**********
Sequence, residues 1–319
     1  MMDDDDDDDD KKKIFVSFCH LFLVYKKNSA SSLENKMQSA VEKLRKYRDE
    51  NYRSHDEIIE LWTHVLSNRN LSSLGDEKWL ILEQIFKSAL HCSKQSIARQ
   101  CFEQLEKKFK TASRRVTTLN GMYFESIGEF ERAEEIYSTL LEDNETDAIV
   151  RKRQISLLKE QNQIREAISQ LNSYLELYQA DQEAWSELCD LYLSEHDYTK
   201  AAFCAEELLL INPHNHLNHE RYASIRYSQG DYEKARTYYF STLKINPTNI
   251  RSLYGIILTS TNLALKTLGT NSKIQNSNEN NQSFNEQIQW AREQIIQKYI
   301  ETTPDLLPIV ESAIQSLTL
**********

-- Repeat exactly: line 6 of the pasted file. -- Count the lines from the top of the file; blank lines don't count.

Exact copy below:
   201  AAFCAEELLL INPHNHLNHE RYASIRYSQG DYEKARTYYF STLKINPTNI